‣ Myth: “An ultraviolet disinfection lamp can kill the new coronavirus.”

Fact: No, according to WHO, UV lamps should not be used to sterilize hands, or other areas of skin as UV radiation can cause skin irritation.

‣ Myth: “The coronavirus can be killed with a hand dryer.”

Fact: It is essential to take care of the hygiene of your hands to protect yourself from coronavirus. For this, you need to wash your hands from time to time with alcohol-based hand sanitizer or soap and running water. Yes, after that, you can dry your hands with the hand dryer.

‣ Myth: “Thermal scanners are effective in detecting people infected with the new coronavirus.”

Fact: Thermal scanners cannot detect whether someone is infected with a coronavirus. Thermal scanners work only to measure the rise in the body temperature (fever) of people due to viral infection, whether it is a new coronavirus or any other virus. It takes 2 to 14 days for a person suffering from coronavirus to show symptoms. In such a situation, if a person is infected but is not showing signs of fever, then Thermal scanners also do not provide any information about the coronavirus infection.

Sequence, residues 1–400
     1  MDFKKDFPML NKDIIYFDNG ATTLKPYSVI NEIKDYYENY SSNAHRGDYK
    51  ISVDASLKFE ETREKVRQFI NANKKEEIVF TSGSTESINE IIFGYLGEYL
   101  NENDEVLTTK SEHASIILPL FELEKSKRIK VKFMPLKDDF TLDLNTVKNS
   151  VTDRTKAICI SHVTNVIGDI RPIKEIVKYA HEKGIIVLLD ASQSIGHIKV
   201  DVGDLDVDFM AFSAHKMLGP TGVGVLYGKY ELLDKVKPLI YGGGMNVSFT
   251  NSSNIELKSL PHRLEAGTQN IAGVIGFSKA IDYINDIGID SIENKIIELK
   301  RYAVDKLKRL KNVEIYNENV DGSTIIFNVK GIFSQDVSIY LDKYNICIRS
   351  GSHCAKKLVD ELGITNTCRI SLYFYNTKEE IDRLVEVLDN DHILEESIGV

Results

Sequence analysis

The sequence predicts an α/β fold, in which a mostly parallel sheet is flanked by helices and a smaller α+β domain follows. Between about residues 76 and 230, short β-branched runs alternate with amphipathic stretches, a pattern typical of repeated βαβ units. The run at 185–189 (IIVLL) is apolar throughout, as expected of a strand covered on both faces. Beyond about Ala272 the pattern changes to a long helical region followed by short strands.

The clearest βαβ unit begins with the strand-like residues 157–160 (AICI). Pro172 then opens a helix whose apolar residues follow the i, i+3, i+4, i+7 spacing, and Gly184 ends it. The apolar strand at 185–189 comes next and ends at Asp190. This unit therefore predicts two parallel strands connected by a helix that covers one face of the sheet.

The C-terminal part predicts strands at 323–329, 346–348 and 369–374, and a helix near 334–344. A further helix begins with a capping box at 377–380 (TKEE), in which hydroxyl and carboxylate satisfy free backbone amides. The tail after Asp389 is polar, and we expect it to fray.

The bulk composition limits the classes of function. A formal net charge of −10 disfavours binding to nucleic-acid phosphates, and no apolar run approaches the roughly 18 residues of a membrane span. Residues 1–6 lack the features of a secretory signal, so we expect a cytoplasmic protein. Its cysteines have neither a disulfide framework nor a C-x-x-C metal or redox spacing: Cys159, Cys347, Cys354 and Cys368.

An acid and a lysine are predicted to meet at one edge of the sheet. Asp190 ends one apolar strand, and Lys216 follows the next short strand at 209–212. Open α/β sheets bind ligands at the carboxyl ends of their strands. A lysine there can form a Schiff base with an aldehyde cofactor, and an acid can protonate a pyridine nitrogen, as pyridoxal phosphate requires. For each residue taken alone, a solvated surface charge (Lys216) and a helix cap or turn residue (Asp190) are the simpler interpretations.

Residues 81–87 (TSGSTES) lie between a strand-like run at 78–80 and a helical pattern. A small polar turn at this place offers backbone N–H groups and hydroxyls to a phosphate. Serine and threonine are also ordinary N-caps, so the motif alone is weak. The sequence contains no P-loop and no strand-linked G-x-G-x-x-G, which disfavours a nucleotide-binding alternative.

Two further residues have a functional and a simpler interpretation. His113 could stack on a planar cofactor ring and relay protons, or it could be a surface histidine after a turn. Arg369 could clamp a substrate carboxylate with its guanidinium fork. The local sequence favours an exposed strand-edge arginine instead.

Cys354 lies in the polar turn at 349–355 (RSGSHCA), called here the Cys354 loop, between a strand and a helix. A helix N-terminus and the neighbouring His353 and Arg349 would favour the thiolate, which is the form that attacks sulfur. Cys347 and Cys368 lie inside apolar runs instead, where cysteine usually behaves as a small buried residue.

‣ Myth: “Spraying alcohol or chlorine all over your body can kill the coronavirus.”

Fact: No, according to the WHO, if the virus has already entered your body, then the virus will not die by a spray of alcohol or chlorine. In fact, spraying can damage your mucous membranes (i.e., eyes, mouth). You need to be careful as both alcohol and chlorine are used to disinfect the surfaces with appropriate advice.

‣ Myth: “It is not safe to receive a letter or a package from COVID-19 affected area.”

Fact: No, this is not true at all. According to the WHO, people who are receiving a letter or a package from COVID-19 affected areas are not at risk of contracting the new coronavirus. Previous analyzes have shown that coronavirus cannot survive for a long time in objects such as letters or packages.

‣ Myth: “Pets at home can spread the SARS-CoV-2.”